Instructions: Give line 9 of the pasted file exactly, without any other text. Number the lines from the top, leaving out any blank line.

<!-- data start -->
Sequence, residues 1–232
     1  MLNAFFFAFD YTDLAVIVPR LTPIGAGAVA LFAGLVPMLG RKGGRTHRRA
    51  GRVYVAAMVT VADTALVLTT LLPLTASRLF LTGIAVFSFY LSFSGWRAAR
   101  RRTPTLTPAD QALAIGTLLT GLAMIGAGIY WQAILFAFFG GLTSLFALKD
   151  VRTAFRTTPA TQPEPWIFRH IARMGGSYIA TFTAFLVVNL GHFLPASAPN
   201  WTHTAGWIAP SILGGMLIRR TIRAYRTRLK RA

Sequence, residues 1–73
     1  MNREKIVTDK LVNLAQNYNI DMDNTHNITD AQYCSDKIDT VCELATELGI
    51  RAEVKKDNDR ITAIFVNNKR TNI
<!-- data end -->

    51  RAEVKKDNDR ITAIFVNNKR TNI